design of novel parallel computing systems where no hardware prototype or similar system is likely to exist.
In the design phase, a designer must be able to confidently verify the design of a system. In this work, a
combination of high-fidelity processor, bus, and interconnection network models are leveraged to evaluate parallel
and distributed computing systems. By using a modular approach, designers can easily combine any number of
processor models connected by any number or type of bus and interconnection network models to rapidly prototype
and analyze parallel architectures.
To simulate architectures with multiple processing nodes, a tradeoff must be made between model accuracy and
the practicality of both simulation time and model complexity. The performance of a parallel algorithm is limited by
its communication-to-computation ratio, which is dependent upon both the algorithm and the parallel architecture to
which the algorithm is mapped. To simulate the components that have the greatest effect on communication and
computation time, high-fidelity processor, bus, and network models are used. However, lower fidelity is used on
components that have a less significant influence on execution time in order to obtain reasonable simulation times
and allow for models of practical complexity.
High-fidelity modeling of the computer system components and simulation of the architectures are performed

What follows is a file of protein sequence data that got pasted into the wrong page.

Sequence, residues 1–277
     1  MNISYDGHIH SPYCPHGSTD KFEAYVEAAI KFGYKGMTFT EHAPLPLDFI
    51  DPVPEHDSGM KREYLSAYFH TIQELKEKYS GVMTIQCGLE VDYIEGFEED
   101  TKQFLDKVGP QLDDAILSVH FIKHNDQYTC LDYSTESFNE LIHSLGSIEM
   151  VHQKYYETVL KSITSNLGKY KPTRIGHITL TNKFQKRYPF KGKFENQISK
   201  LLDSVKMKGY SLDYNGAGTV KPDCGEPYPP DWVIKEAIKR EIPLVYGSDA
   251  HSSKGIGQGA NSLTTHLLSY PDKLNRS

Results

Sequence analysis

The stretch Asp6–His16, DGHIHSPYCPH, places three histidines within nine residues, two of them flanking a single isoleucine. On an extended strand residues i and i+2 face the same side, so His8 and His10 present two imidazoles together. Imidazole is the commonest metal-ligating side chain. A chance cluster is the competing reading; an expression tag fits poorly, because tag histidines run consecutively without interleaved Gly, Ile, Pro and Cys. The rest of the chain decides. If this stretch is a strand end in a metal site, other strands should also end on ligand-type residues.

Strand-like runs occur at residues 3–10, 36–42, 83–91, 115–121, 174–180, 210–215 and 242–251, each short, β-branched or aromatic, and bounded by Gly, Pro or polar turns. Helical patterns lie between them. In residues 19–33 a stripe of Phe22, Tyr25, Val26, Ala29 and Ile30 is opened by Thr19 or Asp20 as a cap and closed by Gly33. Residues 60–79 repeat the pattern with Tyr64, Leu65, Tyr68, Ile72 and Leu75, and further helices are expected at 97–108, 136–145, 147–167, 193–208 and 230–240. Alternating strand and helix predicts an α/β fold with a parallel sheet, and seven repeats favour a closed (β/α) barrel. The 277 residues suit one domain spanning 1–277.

using the Block-Oriented Network Simulator (BONeS)  from Cadence Design Systems. BONeS provides a
graphical interface for high-fidelity system modeling, an interactive simulator for debugging, a distributed
simulation engine, and post-processing data tools for evaluation of results. The combination of detailed processor,
bus, and/or network models and a graphical programming environment allows the designer to evaluate the
performance of parallel and distributed computing systems with confidence and ease.
To demonstrate a typical simulation with the high-fidelity models, a performance evaluation of parallel
architectures using symmetric multiprocessors and clusters with one to eight processors is discussed. Also, several
hybrid configurations with clusters of SMPs are simulated and compared against the other architectures. A parallel
matrix-multiplication algorithm operating on several matrix sizes is executed on each of the system architectures to
provide execution times as well as statistics that are not easily and accurately measured with a prototype or
analytical model. High-fidelity modeling and simulation allow statistics such as latencies for bus transactions, cache
coherence, network transactions, and memory operations to be gathered easily. These results can be used to help
determine which architecture performs best for a particular application. Simulation of parallel and distributed
architectures in this manner is also useful for conducting investigations on the effect of processor interconnection